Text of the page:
A goodly chunk of garage sale stuff is soft, cuddly and covered in plush. I’ve been collecting bears most of my life. I’m not a super serious collector, but enough of one to have accumulated quite a few. (Other types of critters have been acquired as well – gifts mostly, but I’m not technically collecting them.) One of the results of this “purge mode” has been the almost feverish desire to end up in a minimalist space – a few sticks of furniture, a few pieces of clothing and food…period. (I know that’s not reasonable…but it would be…tidy.)
So I decided that at fifty-nine I have outgrown stuffed animals…mostly. And I also decided that a lot of the bears (and bunnies and kitties) would have to go.
My oldest bear, Theodore, is almost 54 years old. He’s a panda, but is now black and gray instead of black and white; he’s missing a nose and a little pink tongue, and his “growl box” no longer functions. He went with me to every slumber party and every week at camp, and spent several years with me at BYU. I love him a lot and would never give him up (even if someone wanted him – which is doubtful).
My next-oldest bear is Mocha. I got him when I was working at Zions Bank in Salt Lake City. They had a promotion – Save a Little Money, Get a Little Honey (Bear). I’ve had Mocha for 33 years.
I tried to justify my actions to him – if I kept him, he would just continue sitting on a shelf, collecting dust. Wouldn’t it be better to be played with and loved by a child, who would cherish him?? (And then, of course, I immediately thought: Or torn to pieces by a puppy, neglected by a spoiled kid, experimented on by a sadistic teenager... (yeah, I saw Toy Story!!))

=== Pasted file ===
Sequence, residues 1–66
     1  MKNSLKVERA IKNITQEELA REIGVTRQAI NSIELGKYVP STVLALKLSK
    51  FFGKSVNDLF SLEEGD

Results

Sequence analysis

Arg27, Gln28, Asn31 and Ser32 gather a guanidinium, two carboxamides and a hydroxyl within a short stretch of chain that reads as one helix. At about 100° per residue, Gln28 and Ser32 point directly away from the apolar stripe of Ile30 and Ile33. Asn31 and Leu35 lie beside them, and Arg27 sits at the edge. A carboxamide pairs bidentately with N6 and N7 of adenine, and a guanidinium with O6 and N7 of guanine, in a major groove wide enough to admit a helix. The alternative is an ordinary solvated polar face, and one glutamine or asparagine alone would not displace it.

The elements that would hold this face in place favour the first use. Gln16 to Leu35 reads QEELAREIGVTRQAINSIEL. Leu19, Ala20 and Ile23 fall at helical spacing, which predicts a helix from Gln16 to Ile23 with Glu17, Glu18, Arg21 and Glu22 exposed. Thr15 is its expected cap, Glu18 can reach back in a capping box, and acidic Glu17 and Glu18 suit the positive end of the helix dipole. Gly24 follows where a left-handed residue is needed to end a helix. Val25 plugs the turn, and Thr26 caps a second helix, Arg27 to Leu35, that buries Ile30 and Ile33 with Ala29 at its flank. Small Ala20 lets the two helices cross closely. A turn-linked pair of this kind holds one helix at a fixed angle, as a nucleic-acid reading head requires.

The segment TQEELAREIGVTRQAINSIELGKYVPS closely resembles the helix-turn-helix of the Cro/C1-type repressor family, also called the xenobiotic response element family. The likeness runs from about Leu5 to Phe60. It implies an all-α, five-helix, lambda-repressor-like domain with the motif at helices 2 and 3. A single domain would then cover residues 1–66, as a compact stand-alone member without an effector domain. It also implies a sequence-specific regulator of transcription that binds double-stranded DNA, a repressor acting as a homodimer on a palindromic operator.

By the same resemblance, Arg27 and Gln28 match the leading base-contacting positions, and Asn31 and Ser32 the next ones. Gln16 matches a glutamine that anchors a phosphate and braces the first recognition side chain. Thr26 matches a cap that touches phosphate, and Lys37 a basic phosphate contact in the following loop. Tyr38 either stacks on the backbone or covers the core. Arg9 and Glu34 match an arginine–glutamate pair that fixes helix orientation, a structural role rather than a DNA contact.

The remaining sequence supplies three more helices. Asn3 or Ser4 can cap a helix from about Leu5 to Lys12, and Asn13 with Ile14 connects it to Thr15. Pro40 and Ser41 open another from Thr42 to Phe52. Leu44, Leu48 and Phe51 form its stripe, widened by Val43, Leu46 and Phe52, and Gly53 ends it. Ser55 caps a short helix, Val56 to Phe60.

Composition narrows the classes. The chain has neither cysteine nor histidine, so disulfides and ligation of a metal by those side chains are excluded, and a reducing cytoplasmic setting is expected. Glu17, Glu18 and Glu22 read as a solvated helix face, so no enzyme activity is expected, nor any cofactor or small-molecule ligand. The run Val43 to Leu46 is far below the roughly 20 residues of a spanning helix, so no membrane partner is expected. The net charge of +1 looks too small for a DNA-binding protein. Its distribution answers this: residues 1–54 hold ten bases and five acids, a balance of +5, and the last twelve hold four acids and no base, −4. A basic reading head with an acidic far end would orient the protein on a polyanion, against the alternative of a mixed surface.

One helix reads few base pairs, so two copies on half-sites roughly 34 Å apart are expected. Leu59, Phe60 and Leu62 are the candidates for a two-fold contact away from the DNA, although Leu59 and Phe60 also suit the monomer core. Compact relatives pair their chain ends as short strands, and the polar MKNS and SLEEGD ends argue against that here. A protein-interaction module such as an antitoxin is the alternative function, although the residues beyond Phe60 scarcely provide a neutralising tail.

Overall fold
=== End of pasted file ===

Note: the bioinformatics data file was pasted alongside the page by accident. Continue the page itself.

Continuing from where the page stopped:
I tried telling all the bears and bunnies and kitties about the cherished-by-a-child thing as they lay smooshed together in a bin, instead of sitting in honor on a shelf. I don’t know if they believed me or not.
In Iron Man 2 (yes I finally saw it – twice), the villain says (in a thick Russian accent): “You shouldn’t get so attached to things…you should learn to let go.” And it seems accurate to say that I don’t own stuff…the stuff owns me. And right now, a lot of my stuff is a burden. I can’t just throw everything out…but perhaps I can try to find new homes for some of my stuff. (And let someone else be owned by it.)
The only thing is…my other stuffed animals are already missing their friends. And while you may think the shelves look nice, to me they look…empty.
And, as silly as it sounds, I feel guilty.